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Appendage to: Multi-part balanced incomplete-block designs

  • R. A. BaileyEmail author
  • Peter J. Cameron
Open Access
Short Communication
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1 Appendage to: Statistical Papers  https://doi.org/10.1007/s00362-018-01071-x

Soon after the publication of Bailey and Cameron (2019), we became aware of the paper by Martin (1998). This paper uses the name ‘mixed block designs’ for the special case of our designs with exactly two parts, but slightly generalized to allow \(\lambda _{ii}=0\) for either \(i=1\) or \(i=2\). It was contemporaneous with Mukerjee (1998), but independent of that and of Sitter (1993). Furthermore, relaxing the conditions that \(k_1\) and \(k_2\) are both constant across blocks to the condition that the total \(k_1+k_2\) is constant across blocks gives the ‘balanced bipartite block designs’ introduced by Kageyama and Sinha (1988) and Sinha and Kageyama (1990).

The first four constructions in Bailey and Cameron (2019, Sect. 2) are given in Martin (1998, Sect. 1). The lower bound in our Eq. (4) is given in Theorem 2.2 of Martin (1998).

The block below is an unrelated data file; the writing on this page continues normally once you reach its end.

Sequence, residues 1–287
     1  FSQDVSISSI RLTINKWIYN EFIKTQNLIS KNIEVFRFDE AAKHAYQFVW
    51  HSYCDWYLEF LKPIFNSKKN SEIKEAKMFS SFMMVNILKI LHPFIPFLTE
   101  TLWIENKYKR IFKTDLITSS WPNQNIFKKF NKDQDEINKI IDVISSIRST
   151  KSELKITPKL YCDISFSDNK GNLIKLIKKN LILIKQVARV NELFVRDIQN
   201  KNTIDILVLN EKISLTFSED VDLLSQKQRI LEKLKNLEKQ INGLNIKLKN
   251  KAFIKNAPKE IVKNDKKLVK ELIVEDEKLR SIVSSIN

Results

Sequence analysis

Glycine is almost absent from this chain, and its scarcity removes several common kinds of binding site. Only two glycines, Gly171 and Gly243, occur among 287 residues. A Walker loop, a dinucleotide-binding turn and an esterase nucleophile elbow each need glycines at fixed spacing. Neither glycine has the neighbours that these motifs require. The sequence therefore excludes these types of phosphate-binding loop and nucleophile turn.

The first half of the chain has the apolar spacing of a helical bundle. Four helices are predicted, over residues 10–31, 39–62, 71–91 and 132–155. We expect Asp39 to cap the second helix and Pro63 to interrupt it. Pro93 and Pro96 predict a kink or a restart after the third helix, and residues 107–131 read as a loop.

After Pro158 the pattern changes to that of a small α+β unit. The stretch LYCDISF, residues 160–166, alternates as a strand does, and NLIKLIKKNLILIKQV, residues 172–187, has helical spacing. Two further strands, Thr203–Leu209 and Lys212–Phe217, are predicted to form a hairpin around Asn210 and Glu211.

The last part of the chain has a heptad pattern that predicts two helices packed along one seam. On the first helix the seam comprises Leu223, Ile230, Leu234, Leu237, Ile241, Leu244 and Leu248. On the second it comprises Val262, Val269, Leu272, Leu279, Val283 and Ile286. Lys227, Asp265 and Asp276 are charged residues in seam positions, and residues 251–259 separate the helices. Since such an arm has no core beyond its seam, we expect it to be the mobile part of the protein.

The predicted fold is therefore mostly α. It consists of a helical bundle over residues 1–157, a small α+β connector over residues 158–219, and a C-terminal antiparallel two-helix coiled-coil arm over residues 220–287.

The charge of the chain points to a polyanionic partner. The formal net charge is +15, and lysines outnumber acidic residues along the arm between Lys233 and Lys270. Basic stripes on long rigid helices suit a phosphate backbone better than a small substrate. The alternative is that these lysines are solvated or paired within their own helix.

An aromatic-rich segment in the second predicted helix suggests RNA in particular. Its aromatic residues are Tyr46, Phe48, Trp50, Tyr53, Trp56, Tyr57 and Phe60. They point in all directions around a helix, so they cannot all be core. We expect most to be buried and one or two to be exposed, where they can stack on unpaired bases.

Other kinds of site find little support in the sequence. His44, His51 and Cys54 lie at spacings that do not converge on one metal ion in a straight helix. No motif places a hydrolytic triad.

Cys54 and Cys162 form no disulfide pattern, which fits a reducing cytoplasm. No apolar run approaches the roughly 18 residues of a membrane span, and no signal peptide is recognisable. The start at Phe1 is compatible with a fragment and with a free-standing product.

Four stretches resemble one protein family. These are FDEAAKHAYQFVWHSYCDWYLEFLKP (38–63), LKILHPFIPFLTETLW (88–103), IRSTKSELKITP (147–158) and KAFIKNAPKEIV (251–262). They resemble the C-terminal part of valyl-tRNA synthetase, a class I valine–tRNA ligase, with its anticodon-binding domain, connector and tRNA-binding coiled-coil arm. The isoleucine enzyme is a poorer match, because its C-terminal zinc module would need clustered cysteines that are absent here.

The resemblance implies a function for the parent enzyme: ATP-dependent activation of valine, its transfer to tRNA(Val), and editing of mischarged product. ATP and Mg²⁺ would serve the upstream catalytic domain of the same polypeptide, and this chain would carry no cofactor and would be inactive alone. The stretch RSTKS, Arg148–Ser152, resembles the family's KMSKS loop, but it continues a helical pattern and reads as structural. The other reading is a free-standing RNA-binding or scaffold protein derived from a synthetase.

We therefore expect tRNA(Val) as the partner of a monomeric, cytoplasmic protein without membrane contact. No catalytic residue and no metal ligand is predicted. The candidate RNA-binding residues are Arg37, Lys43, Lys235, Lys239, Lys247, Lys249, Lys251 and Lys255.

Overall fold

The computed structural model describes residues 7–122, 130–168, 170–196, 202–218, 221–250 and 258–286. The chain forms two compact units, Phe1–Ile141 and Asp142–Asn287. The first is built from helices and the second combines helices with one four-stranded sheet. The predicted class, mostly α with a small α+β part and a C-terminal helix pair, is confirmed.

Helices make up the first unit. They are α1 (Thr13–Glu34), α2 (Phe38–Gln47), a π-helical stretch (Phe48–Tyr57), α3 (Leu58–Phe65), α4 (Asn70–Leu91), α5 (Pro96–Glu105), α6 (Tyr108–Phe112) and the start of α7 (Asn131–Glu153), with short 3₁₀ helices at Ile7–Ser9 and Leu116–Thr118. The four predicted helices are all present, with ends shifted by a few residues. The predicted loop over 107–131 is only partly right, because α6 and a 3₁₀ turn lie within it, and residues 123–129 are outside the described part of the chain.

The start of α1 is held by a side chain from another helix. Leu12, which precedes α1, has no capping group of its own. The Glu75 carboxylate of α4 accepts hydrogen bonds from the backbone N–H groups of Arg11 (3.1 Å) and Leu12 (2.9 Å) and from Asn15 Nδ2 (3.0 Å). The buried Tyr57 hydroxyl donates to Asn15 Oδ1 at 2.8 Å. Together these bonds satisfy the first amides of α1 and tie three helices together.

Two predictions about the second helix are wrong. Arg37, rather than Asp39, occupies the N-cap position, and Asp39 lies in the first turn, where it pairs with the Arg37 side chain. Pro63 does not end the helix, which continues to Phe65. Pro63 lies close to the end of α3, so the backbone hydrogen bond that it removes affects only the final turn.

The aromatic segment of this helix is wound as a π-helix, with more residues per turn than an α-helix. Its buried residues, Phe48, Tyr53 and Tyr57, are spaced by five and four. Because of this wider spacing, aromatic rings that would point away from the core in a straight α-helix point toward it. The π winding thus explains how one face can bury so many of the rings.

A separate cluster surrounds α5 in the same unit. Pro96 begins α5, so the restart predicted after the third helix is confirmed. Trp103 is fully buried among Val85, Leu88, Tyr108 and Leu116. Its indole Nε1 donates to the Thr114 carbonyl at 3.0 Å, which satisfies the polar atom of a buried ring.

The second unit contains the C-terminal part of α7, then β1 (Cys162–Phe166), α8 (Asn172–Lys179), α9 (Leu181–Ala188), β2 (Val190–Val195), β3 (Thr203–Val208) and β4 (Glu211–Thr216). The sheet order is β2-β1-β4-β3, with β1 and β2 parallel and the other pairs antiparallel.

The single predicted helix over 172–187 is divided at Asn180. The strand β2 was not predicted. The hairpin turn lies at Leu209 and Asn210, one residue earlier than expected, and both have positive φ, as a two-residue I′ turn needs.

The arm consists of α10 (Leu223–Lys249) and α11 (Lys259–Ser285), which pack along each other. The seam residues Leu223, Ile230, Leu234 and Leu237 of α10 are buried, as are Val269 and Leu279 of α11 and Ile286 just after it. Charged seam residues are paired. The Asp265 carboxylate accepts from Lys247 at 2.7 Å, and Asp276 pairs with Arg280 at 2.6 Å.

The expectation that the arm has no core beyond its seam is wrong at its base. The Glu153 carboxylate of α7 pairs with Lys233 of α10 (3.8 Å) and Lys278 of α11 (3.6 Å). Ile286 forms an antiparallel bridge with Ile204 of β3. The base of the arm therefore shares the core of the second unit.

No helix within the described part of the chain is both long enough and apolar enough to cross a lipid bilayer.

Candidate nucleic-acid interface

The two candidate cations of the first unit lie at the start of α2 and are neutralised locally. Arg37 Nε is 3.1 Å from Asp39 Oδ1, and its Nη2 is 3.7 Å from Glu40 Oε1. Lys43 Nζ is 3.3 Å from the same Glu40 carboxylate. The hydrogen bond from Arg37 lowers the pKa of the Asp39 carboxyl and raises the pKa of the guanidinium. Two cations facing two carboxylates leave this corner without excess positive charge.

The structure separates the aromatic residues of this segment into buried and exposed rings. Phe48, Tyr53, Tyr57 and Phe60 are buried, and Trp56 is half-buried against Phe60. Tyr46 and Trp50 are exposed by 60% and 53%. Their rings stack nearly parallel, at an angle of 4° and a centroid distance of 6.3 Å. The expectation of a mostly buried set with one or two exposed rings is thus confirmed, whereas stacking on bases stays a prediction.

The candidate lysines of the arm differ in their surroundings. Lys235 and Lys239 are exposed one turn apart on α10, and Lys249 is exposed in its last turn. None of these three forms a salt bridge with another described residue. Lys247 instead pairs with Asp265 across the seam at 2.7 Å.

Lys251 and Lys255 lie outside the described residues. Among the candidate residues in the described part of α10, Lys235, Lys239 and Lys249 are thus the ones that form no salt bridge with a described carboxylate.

Notes

References

  1. Bailey RA, Cameron PJ (2019) Stat Pap 60:55–76CrossRefGoogle Scholar
  2. Kageyama S, Sinha K (1988) Some constructions of balanced bipartite block designs. Util Math 33:137–162MathSciNetzbMATHGoogle Scholar
  3. Martin WJ (1998) Mixed block designs. J Comb Des 6:151–163MathSciNetCrossRefGoogle Scholar
  4. Mukerjee R (1998) On balanced orthogonal multi-arrays: existence, construction and application to design of experiments. J Stat Plan Inference 73:149–162MathSciNetCrossRefGoogle Scholar
  5. Sinha K, Kageyama S (1990) Further constructions of balanced bipartite block designs. Util Math 38:155–160MathSciNetzbMATHGoogle Scholar
  6. Sitter RR (1993) Balanced repeated replications based on orthogonal multi-arrays. Biometrika 80:211–221MathSciNetCrossRefGoogle Scholar

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© The Author(s) 2019

Open AccessThis article is distributed under the terms of the Creative Commons Attribution 4.0 International License (http://creativecommons.org/licenses/by/4.0/), which permits unrestricted use, distribution, and reproduction in any medium, provided you give appropriate credit to the original author(s) and the source, provide a link to the Creative Commons license, and indicate if changes were made.

Authors and Affiliations

  1. 1.School of Mathematics and StatisticsUniversity of St AndrewsSt AndrewsUK
  2. 2.School of Mathematical SciencesQueen Mary University of LondonLondonUK

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